To honor all of humanity by providing direct responses to immediate needs and helping the destitute achieve the dignity needed to return to society as contributing members.
Why She Does It
Betty is fond of saying that all she does on behalf of Humboldt County's homeless isn't her work, it's her passion. That passion was born in Betty's childhood, when at the age of 7 she was turned out of her family's home in China's Guangdong province during Mao Zedong's Cultural Revolution. Targeted because of her parents' wealth and religious beliefs, Chinn spent four years homeless on the streets. Alone, with her mother jailed and her siblings hauled off to labor camps, she found refuge in a garage dump where she foraged for food. Mao's Red Guard forbade Chinn from speaking to people and hung a wooden sign around her neck with a wire that read "child from the devil." She was ostracized and beaten and years later would have to relearn how to speak. After four years living like this- family members tortured and killed in front of her- Chinn and three of her siblings fled, hiking hundreds of miles before swimming across the Pearl River Delta to freedom in Hong Kong.
After emigrating to the United States, Chinn married now retired Humboldt State University physics professor, Leung Chinn, and relocated to Eureka where they have raised two successful sons. One day while volunteering at her son's elementary school, Chinn noticed a student who was living out of his car with his family. Betty's mission started with cooking extra food at mealtimes to take to this family. However, she soon found more families in need. In time, Betty was feeding hundreds of people breakfast and dinner with a hot cup of coffee, all out of her own pocket. This passion became all consuming as Betty would rise before dawn to start cooking and be out distributing food until well after dark, making extra trips with rain gear and extra blankets when the weather soured and the need grew. But Betty would insist she was getting more out of this work than she was putting in- giving back to the city and the country that welcomed her with the freedom to start a new life. And at its core, Betty's mission has always been about doing for others what was never done for her, showing kindness and compassion to each individual. But most importantly, ensuring that they know they matter, at least to someone.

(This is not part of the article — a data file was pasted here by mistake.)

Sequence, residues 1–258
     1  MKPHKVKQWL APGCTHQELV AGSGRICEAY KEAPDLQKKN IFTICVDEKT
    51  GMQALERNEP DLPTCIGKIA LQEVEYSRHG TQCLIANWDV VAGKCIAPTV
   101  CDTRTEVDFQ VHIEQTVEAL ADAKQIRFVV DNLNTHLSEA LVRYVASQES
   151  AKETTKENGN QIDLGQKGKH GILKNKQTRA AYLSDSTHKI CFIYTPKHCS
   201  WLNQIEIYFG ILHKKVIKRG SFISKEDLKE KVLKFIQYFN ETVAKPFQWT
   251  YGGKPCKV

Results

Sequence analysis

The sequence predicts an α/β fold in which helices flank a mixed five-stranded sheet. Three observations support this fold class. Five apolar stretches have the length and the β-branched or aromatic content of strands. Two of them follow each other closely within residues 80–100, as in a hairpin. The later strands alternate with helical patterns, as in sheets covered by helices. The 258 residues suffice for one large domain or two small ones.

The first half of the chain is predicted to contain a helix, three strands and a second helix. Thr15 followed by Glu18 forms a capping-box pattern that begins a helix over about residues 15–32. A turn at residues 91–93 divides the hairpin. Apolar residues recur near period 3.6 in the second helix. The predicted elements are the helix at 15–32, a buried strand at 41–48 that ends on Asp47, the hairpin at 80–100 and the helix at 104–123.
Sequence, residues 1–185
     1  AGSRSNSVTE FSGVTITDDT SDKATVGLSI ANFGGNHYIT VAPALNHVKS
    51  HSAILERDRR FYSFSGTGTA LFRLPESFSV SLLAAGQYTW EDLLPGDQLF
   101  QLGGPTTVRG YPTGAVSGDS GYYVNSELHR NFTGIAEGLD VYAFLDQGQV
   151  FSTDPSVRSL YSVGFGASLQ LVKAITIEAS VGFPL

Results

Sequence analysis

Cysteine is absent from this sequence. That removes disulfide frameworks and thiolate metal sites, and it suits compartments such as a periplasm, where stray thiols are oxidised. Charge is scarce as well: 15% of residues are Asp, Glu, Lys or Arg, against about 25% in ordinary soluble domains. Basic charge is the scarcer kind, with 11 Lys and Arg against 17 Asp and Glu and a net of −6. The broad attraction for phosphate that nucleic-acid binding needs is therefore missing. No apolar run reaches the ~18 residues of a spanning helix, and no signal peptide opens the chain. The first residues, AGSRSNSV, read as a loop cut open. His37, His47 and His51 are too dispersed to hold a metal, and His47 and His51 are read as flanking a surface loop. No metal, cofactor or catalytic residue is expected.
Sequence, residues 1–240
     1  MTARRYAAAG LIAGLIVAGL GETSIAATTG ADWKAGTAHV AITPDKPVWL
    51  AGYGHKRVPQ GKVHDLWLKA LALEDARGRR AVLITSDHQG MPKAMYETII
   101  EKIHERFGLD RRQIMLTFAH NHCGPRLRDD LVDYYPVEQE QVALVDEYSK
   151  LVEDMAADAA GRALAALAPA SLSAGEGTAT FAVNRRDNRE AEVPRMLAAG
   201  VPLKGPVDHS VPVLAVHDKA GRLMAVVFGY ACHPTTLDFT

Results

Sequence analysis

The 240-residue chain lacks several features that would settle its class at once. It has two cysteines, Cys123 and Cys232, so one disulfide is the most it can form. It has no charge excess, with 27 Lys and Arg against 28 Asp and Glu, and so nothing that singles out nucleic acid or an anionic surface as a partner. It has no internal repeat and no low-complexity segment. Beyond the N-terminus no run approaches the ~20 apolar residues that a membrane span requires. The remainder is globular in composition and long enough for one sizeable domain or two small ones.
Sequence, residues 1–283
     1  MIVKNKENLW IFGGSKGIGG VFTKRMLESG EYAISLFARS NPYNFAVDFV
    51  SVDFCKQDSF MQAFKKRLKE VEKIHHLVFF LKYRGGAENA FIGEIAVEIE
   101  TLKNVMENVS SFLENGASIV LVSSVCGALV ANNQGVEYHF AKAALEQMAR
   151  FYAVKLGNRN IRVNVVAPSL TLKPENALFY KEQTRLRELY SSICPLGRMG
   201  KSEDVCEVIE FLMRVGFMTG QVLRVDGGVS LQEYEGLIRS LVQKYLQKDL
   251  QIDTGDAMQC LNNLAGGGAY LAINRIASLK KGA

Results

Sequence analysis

Betty is able to do so much because she is backed by a growing community of people. What started as one woman's paycheck has grown like a vine to include people from all sections of society who donate what they can: some sleeping bags here and a box of craft supplies there. A handful of local businesses also make regular donations, some daily, some weekly, others whenever Betty needs a bus ticket, hotel room, or something else for one of her people. As Betty likes to say, she is the 'middle man,' simply helping people realize the joy of giving and making sure everyone gets what they need. At a time of increasing need, the community is coming together to sustain Betty's growing endeavor. When Betty takes on a new project, contracts volunteer their services, businesses donate supplies and people line up to help. Community members offer their time to help cook, while others sort clothes, pick up donations, organize events, and more. Over the last decade, Betty's mission has become a community mission.
The ripple effects of the first two decades of Betty Chinn's work are incalculable as she helped thousands survive homelessness in Eureka while getting hundreds more off the streets, rebuilding lives and reconnecting families. Children she once drove to school from homeless encampments hidden in the bushes have now graduated from college and have families of their own. As word of Betty's efforts has spread and attention to her work has grown, so has her mission. After being given the 2008 Minerva Award by then California First Lady Maria Shriver, she used the $25, 000 grant that came with it as seed money to build Eureka's first free public shower facility under the mantra, "Providing Dignity One Shower at a Time." After being honored with the Presidential Citizens Medal from President Barack Obama in 2010, Betty started dreaming of opening a "Betty's House," a type of central location where she could help clients keep warm and fed while connecting them with a variety of services housed under one roof. Four years later, this dream culminated in the Betty Kwan Chinn Day Center which houses Betty's commercial kitchen, helps clients connect with services, jobs and housing, while also offering after school care, wellness courses, and educational programming for homeless children. In addition to American recognition, Betty has received commendations from China and is hailed as the "Hong Kong Angel."
In 2016, Betty did open Betty's House, a family shelter that provides transitional housing up to 8 families at a time, giving them the stability, services, and support needed to find a permanent place to live. The shelter's downstairs, operated in partnership with St. Joseph Hospital, offers a space for up to 10 homeless people recently discharged from the hospital to convalesce under a nurse's 24/7 care. Also in 2016, as the city of Eureka was working to clear is largest homeless encampment from a greenbelt near the bay, Betty partnered with the Humboldt Coalition for Property Rights to convert some old Connex shipping containers into a housing village, known now as Betty's Blue Angel Village, that shelters up to 40 people at a time while offering intensive wrap around services aimed at transitioning them into permanent housing situations. It is one of few shelters on the West coast that allows animals.